Thursday, July 03, 2008

'Buy Safe' Campaign Organizers Rebuke Criticism

'Buy Safe' Campaign Organizers Rebuke Criticism
By Bill Mickey
Publishers weigh in; BPA, ABC Defend Initiative.
Buy Safe Media, the BPA and ABC-backed campaign warning marketers against buying ads in non-audited b-to-b publications, has faced unusually harsh criticism since its launch last week.

Industry pundits, including consultant and noted columnist Bob Sacks, were among the first to weigh in on the program, calling the initiative "an attack at the heart of the entrepreneurial publishing business." Sacks wrote: "The new pathology actually disgusts me."

Samir "Mr. Magazine" Husni lamented "how low some folks in our industry are willing to sink in order to make their business flourish."

And it wasn't just pundits who were disturbed. At Access Intelligence, where several prominent titles remain un-audited, including CableFax and MIN, Sylvia Sierra, SVP, corporate audience development, downplays the need for an audit. "Some of our strongest brands are not audited and take advertising. It is hard to argue the $1,000-per year subscription value that readers place on the information and advertisers place on reach."

A 'Legitimate Beef'

Yet, Ted Bahr, president of BZ Media, and an official supporter of the Buy Safe campaign is more concerned about the publishers that fly under the radar and push inflated or inaccurate metrics.

"I am spending hundreds of thousands of dollars to acquire and maintain the circulation I am claiming, then I spend the money maintaining it in BPA required formats, then I pay BPA between $10,000-$15,000 to audit my books," he says. "That's the ethical standard for publishing in this industry. My competitors are therefore able to spend way less than I do, and compete with me by cheating and lying to our mutual customers. My only recourse is to try and educate the advertisers that they need to pressure these outlaws into auditing."

BPA CEO Glenn Hansen adds, "Publishers that have made that investment have a legitimate beef with those that cannot demonstrate from an independent verification that they have made that same investment."

Ditto for the Audit Bureau of Circulations, which also backs the Buy Safe program as a partner. "The campaign site specifically notes that auditing is not a necessity for all publications," says Neal Lulofs, ABC's SVP, communications and strategic planning. "I can't fathom why the promotion of media auditing would 'disgust' someone. We are an auditing firm and we are promoting the benefits of auditing-for publishers and buyers alike. We are not 'forcing' anyone to become audited. But in competitive environments, buyers usually insist on it. For instance, there isn't a single paid-circ newspaper above 25,000 in the U.S. that isn't audited. That's not because we force them to do that, but because audited newspapers attract more ad dollars."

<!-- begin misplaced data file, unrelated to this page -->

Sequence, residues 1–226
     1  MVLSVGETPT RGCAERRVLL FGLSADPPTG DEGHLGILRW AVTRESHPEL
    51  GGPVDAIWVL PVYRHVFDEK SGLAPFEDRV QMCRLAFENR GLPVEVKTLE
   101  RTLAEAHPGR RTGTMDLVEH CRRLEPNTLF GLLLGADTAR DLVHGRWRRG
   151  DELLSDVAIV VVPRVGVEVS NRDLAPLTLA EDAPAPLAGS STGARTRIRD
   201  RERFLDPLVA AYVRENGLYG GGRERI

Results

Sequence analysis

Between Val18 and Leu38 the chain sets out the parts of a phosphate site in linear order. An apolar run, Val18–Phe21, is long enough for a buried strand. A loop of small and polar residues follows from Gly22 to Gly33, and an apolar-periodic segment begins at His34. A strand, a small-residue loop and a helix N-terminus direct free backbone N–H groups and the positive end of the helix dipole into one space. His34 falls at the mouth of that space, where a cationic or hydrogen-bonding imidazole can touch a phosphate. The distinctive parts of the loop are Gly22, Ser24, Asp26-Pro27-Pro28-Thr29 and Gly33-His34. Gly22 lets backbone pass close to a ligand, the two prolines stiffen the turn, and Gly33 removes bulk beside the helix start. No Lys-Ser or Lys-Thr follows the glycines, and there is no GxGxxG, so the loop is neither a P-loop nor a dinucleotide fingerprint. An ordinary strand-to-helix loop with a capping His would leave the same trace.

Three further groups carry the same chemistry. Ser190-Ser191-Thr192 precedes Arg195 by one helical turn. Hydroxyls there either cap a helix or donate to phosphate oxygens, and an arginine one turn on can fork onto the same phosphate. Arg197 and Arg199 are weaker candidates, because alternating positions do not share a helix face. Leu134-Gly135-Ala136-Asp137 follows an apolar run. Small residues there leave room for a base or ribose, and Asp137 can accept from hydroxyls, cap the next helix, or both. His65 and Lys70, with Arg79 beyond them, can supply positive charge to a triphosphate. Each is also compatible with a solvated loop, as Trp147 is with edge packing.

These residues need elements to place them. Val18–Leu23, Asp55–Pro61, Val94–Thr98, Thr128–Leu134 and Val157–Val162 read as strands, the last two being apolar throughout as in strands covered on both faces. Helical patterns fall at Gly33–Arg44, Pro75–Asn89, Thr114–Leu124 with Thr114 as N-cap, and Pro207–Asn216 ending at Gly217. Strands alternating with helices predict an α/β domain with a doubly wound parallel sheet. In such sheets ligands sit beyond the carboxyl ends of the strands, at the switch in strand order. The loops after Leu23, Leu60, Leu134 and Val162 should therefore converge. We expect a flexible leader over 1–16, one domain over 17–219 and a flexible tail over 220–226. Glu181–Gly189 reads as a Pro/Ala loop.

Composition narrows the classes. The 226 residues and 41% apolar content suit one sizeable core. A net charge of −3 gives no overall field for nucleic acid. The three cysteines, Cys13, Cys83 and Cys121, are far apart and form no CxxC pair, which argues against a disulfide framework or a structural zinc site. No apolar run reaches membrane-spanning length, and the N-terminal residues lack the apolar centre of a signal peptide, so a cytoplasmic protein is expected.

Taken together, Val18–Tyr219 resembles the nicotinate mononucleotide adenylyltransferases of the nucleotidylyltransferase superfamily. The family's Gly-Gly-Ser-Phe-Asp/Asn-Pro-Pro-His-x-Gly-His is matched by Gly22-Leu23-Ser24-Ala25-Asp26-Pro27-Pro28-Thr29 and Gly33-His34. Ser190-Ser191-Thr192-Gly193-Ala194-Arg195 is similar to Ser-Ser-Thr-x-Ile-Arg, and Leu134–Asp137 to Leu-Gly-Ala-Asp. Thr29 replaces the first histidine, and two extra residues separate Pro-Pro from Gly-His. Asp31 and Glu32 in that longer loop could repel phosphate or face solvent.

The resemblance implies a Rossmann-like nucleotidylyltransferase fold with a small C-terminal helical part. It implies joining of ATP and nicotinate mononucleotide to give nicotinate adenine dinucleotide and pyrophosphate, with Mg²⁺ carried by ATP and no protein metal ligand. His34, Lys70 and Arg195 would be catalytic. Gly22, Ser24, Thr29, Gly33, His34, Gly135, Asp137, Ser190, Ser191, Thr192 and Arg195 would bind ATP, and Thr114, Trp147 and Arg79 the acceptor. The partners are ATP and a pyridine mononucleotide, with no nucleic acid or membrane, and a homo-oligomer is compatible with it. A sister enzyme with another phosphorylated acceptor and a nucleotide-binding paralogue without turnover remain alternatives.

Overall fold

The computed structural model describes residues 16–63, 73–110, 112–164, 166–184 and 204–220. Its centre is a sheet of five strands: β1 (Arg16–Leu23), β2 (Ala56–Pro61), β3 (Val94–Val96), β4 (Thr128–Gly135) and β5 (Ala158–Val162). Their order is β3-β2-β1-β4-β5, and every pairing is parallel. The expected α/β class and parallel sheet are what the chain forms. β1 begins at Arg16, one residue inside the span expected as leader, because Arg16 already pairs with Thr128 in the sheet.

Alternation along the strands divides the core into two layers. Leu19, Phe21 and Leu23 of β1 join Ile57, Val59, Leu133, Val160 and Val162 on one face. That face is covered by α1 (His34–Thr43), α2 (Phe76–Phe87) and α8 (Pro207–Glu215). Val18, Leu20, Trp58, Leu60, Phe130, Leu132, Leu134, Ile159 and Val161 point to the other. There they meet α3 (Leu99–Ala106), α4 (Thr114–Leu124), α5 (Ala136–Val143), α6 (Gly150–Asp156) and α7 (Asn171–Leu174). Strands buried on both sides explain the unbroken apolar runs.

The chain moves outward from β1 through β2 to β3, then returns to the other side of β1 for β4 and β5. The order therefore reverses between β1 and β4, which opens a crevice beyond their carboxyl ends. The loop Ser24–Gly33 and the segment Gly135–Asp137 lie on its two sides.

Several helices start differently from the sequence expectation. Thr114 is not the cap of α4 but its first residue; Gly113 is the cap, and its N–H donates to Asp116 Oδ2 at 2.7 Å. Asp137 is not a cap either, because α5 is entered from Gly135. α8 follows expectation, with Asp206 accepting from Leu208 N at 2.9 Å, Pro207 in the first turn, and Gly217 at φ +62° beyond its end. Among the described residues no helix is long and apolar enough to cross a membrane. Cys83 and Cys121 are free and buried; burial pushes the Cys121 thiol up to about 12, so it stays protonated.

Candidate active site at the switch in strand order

A Question of Demand

Yet smaller ad buyers-as BPA confirmed when it was surveying client-side media buyers prior to launching the campaign-may not care or even know about audits. At Hanley Wood, which has several un-audited titles in its stable of more than 30 magazines, auditing is more of a case-by-case consideration. "It depends on the advertiser market," says Nick Cavnar, VP circulation and database development. "Advertiser markets dominated by small advertisers that don't work through agencies aren't that familiar with the statement format. They don't understand it so there's not a great demand for it."

This is precisely why BPA launched the Buy Safe Media campaign, but Cavnar focuses on the practicalities of auditing. "If we don't have advertisers asking for one, then we may not audit the magazine. We work according to what advertisers are looking for. We run the circulation the same way whether it's audited or not. It's a question of whether it's something that helps in the advertising sales."

Audit Landscape Getting Complicated

Sacks and Husni took the Buy Safe program to task because they say it's magazines attacking magazines, and that energy could be better applied to arguing the print medium's viability against other media-TV, radio, and online.

Yet Hansen circles back to accountability and the advertiser's demand for it. "In a perfect market, where all magazines are audited, I think Bob and Samir are justified in saying, 'Don't fight among yourselves, fight against other media. But in a market where we're not all yet at the same level playing field, I think that's an unfair expectation on their behalf. It's not the fact that it's BPA or ABC-it's the fact that they've made the investment in developing quality audience and they can prove that and that gives the advertiser accountability."

But, according to Access Intelligence's Sierra, there is a bigger picture to be focusing on-the mash-up of media platforms. "We are now media companies whose portfolios include print magazines and many other assets," she says. "Most of the other assets (Web sites, e-letters, trade shows, Webinars, paid information) are not audited, and yet, revenue is shifting from print magazine advertising to the other assets. Advertisers want to know 'Who are these people?' and the audit bureaus are not showing reach, only numbers. I can't think of a single reason to pay for the current audit offerings given their shortcomings."

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